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The Info List - Coraciiformes


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For prehistoric taxa, see text.

Global distribution of the kingfisher and allies.

The Coraciiformes
Coraciiformes
are a group of usually colorful birds including the kingfishers, the bee-eaters, the rollers, the motmots, and the todies. They generally have syndactyly, with three forward-pointing toes (and toes 3 & 4 fused at their base), though in many kingfishers one of these is missing. This is largely an Old World
Old World
order, with the representation in the New World limited to the dozen or so species of todies and motmots, and a mere handful of the more than a hundred species of kingfishers. The name Coraciiformes
Coraciiformes
means "raven-like", which is a misnomer (ravens are passerines). Specifically, it comes from the Latin language "corax", meaning "raven" and Latin "forma", meaning "form", which is the standard ending for bird orders.[1]

Contents

1 Systematics 2 Taxonomic sequence 3 See also 4 References 5 External links

Systematics[edit]

Extinct kingfisher from the Messel Pit

This order has been seen to be something of a mixed assortment, and the Coraciiformes
Coraciiformes
may be considered as including only the rollers. All the other families would then be considered to represent lineages of birds distantly related to Coraciiformes. This seems to be oversplitting, as most Coraciiformes
Coraciiformes
indeed form a reasonably robust clade. Analysis of nDNA c-myc and RAG-1 exon as well as mtDNA myoglobin intron 2 sequence data demonstrates that the Coraciiformes
Coraciiformes
can be divided into a basal group that is not too distantly related to the Piciformes, and a derived suborder containing mainly kingfishers (Johansson & Ericson, 2003). The cuckoo roller's true affinities appear to lie elsewhere[citation needed]. The trogons and hornbills are either very basal lineages, or might be considered distinct own orders; the latter are apparently slightly closer to the rollers than the former. The entire group (possibly excluding the cuckoo roller) and the Piciformes
Piciformes
are closely related to the Passeriformes
Passeriformes
(Johansson & Ericson 2003; see also near passerine). Several extinct coraciiform families are only known from Paleogene fossils. They probably belong to the basal group and are sometimes difficult to assign because they were even closer still to the Piciformes
Piciformes
(see also Neanis). In addition, there are some prehistoric genera which are likewise difficult to place into a family. At least the Eocoraciidae are very basal, but the Late Eocene
Eocene
(some 35 mya) Geranopteridae form a superfamily Coracioidea with the extant rollers and ground-rollers already (Mayr & Mourer-Chauviré 2000). A few prehistoric taxa of the present-day families have been described; see the family articles for details. Taxonomic sequence[edit] Unresolved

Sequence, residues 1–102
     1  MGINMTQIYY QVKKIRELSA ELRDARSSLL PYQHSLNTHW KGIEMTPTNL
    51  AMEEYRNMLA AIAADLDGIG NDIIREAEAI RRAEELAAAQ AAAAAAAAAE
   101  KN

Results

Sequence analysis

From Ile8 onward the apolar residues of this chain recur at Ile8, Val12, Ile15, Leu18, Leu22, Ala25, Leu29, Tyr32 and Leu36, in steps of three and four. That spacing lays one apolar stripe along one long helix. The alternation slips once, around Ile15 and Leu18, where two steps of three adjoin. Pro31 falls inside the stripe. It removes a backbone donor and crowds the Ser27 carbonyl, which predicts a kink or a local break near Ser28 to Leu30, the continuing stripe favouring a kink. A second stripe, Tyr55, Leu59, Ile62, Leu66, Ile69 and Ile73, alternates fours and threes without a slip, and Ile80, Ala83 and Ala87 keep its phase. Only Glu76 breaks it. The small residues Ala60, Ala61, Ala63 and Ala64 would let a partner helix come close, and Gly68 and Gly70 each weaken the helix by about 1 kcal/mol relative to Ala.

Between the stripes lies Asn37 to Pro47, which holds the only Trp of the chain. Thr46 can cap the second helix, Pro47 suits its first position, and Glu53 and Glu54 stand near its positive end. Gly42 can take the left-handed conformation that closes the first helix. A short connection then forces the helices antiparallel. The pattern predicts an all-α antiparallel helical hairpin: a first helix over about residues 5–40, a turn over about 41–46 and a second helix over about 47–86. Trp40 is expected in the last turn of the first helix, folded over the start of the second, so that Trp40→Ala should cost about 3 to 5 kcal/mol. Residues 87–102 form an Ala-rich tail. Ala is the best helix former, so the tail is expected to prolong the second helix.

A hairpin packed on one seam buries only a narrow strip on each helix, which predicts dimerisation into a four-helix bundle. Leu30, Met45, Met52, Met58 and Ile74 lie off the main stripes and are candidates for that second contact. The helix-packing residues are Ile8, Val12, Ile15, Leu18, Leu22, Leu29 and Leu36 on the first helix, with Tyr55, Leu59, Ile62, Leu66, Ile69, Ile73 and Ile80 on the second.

Genus
Genus
Quasisyndactylus (fossil; Middle Eocene
Middle Eocene
of Messel, Germany) - alcediniform, basal? Genus
Genus
Cryptornis (fossil; Late Eocene
Eocene
of France) – bucerotid? geranopterid? Family Primobucconidae (fossil), including Primobucco and Septencoracias Coraciiformes
Coraciiformes
gen. et spp. indet. PQ 1216, QU 15640 (fossil; Late Eocene
Eocene
of Quercy, France: Mayr & Mourer-Chauviré 2000) Genus
Genus
Protornis (fossil: Oligocene of Switzerland) – basal to motmotids and meropids?

A recent study suggest that the following families may belong to a separate order called Bucerotiformes. The results still in dispute though.[2]

Family Bucorvidae
Bucorvidae
(ground hornbills) Family Bucerotidae
Bucerotidae
(hornbills) Family Upupidae
Upupidae
(hoopoe) Family Phoeniculidae
Phoeniculidae
(woodhoopoes)

The Leptosomatidae
Leptosomatidae
(cuckoo roller) probably do not belong here. The trogons are sometimes placed here as a family Trogonidae. The Late Eocene
Eocene
Palaeospizidae are sometimes also placed in the Coraciiformes, as are the Early to Middle Eocene
Middle Eocene
Primobucconidae and the Middle Eocene
Eocene
to Early Oligocene Sylphornithidae. The Primobucconidae at least indeed seem to belong here. Basal group

Family Eocoraciidae (fossil; Middle Eocene
Middle Eocene
of Messel, Germany) Family Geranopteridae (fossil; Late Eocene
Eocene
of Quercy, France – Early Miocene of Czech Republic) - includes "Nupharanassa" bohemica Family Coraciidae
Coraciidae
(rollers) Family Brachypteraciidae
Brachypteraciidae
(ground-rollers) Family Meropidae
Meropidae
(bee-eaters)

Suborder
Suborder
Alcedini

Family Todidae
Todidae
(todies) Family Momotidae
Momotidae
(motmots) Family Alcedinidae
Alcedinidae
(kingfishers)

See also[edit] List of Coraciiformes
Coraciiformes